Tuesday, May 1, 2018

Appalachian Trail and Washington Monument

The highlight of our Spring 2018 Cub Scout Campout was hiking along the Appalachian Trail and seeing the very first Washington Monument. We camped at the Washington Monument State Park in Middletown, Maryland, not on the Mall in the District of Columbia.

The Appalachian National Scenic Trail runs over 2000 miles from Maine to Georgia. The idea of a footpath through the Appalachian Mountains began in 1921 and the trail was completed in 1937. It was the work of private citizens but is now maintained by a conglomeration of the National Parks Service, US Forest Service, the Appalachian Trail Conservancy, numerous state and local agencies, and many volunteers. The Trail was across the drive from our campground, so we looked both ways before we got to the trail.

Starting the hike

First part of the trail

Our hike leader explained how rain bars were put along the trail to keep rainwater from washing out the trail or turning it into a miniature Grand Canyon. We saw plenty of wooden and stone examples of how volunteers made sure the trail stayed trail-like.

Wooden rain bar

Further up the hill, we discovered a sign marking the trail. I like how the A and T are blended to mark the trail. It looks almost like an arrow head pointing travelers in the right direction. The sign also lets hikers know they can stay overnight nearby.

My son by the sign

The trail in this park also has some substantial shelters for hikers, presumably to get out of the rain or have a meal that isn't on the ground.

Shelter named after Mount Vernon!

Since this part of the trail led up to the monument, eventually it forked. We turned left and went off the trail.

Not following this sign

From here, the walk up to the monument was fairly short. The monument was built in 1827 by the residents of Boonsboro, who met in the town square on the Fourth of July. They climbed the hill and worked till noon when they had lunch and a dedication ceremony. By 4 p.m., the monument was fifteen feet high. They read the Declaration of Independence and some Revolutionary War veterans fired a three-gun salute. The townsfolk returned in September to finish the monument. It now stands 30 feet tall.

The first Washington Monument

We were happy to see we could climb up inside and take in the view from the top. Historically, the monument was used as a lookout during the American Civil War. It has an excellent view of Hagerstown, West Virginia, and the Antietam Battlefield.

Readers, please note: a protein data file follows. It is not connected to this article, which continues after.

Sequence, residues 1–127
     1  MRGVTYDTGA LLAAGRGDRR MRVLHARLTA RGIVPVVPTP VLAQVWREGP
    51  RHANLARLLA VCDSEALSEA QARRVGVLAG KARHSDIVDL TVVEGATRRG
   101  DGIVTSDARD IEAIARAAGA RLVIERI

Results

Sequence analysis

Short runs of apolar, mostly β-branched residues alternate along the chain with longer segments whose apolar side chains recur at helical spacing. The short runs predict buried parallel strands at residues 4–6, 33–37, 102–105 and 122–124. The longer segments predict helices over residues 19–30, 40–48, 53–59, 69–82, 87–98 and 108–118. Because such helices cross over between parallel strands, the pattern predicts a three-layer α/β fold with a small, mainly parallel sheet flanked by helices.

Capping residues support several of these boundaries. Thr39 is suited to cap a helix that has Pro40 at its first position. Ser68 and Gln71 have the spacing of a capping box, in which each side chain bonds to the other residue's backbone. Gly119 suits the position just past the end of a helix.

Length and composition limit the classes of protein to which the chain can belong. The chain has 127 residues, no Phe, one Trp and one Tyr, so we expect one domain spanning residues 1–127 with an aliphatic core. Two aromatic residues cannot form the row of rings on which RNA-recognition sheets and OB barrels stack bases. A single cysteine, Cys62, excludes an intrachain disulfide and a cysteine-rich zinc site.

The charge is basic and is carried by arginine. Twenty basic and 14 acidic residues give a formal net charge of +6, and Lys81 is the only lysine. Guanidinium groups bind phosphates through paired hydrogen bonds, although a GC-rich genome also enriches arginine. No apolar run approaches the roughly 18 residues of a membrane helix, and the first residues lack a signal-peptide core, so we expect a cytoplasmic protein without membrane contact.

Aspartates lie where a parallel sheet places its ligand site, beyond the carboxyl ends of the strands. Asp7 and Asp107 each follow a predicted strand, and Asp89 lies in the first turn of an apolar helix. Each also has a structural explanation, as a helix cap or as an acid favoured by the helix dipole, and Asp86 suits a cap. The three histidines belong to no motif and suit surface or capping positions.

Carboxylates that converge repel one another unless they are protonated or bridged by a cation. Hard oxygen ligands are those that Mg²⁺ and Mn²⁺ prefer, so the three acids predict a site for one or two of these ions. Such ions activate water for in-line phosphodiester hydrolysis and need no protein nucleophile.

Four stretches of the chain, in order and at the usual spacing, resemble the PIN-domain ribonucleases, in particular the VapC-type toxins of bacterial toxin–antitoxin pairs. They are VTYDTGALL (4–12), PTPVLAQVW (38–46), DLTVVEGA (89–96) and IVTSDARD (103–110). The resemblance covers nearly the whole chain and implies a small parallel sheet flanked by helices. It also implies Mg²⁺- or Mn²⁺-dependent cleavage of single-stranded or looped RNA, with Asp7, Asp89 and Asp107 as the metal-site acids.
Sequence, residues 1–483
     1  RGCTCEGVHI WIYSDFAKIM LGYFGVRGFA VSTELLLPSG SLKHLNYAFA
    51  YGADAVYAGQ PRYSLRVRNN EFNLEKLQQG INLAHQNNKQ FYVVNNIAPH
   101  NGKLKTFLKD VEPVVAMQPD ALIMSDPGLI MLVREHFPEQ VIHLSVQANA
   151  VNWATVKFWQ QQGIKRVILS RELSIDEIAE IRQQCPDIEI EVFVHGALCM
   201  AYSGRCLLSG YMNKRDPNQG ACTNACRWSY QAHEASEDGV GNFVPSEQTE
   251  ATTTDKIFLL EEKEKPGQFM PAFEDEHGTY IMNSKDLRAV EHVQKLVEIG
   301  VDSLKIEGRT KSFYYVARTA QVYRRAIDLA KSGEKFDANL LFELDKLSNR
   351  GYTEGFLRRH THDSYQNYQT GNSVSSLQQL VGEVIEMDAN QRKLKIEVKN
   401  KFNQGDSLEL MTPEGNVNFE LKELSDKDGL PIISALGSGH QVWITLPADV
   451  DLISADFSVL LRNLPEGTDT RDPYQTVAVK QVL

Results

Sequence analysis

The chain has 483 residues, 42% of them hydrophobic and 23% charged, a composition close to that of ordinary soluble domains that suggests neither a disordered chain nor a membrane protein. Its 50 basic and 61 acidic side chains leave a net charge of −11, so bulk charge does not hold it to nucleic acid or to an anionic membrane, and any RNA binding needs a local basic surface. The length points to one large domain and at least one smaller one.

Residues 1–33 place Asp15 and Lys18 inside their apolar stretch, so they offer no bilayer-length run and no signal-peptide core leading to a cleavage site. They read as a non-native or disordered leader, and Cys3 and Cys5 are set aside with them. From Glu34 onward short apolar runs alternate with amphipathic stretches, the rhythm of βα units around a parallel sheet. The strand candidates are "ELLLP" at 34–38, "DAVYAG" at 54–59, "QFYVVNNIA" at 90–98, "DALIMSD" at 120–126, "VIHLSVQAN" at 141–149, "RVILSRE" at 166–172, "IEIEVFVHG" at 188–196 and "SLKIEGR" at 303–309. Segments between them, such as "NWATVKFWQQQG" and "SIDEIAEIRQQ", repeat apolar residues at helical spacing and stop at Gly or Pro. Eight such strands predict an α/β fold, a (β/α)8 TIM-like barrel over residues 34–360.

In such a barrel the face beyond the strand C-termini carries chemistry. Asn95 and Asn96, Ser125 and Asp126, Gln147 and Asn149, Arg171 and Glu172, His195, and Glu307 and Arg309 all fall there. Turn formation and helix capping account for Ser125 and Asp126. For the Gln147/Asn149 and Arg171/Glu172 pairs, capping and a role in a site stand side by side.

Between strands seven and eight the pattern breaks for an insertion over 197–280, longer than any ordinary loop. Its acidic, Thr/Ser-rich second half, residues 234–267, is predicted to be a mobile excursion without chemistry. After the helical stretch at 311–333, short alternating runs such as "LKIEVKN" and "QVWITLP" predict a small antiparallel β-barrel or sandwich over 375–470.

Dark doorway

Daughter and son at the top

View of the valley

Zooming doesn't give much more detail

Looking north toward Hagerstown

More beautiful hillsides

The trip back down the monument was a little more harrowing for me, just because these types of windy stairs always seem steeper and more perilous going down rather than going up.

Stairway down

A small plaza sits in front of the monument giving another view of the valley, though not as good.

The monument from the front

Valley view

Maryland flag and my two children

The hike leader gave the boys the option of returning to the campgrounds or hiking further along the trail. They all opted to go back but my daughter wanted to continue on, so she and I forged ahead.

Happy to get more trail in

The trail was sloped and rocky but not too challenging. We saw plenty of stones in the area and wondered if the Boonsboro people chose here because the building materials were so conveniently available. Or maybe they hauled all the rocks up the hill and left a lot of unsatisfactory ones aside.

More trail

More rocks

A tree over the trail

We came to a part of the trail where a set of power lines cut across. We wondered if hikers could recharge their electronics. The poles had no outlets on them, so I guess hikers had to make it to the state park buildings if they needed to amp up.

Power lines!

Not the Appalachian Trail

The other direction

We decided to head back at this point. The trail back to the monument was definitely uphill.

The way back

Later in the day, we had some free time and my daughter wanted to walk the trail in the other direction from the campsite. We headed south along a much smoother and flatter path.

Trail going south

Split trees

Smaller rocks

Amazingly enough, we ran into different power lines! These brought electricity into the park as well as providing power to the local residents.

More power lines!

Why did the trail cross the road?

On the way back to camp, we saw another cool Appalachian Trail marker.

AT in a tree!

We were inspired enough to get some books out of the library about the trail. We may try to hike more of it in the future. Maybe when the preschooler is bigger.

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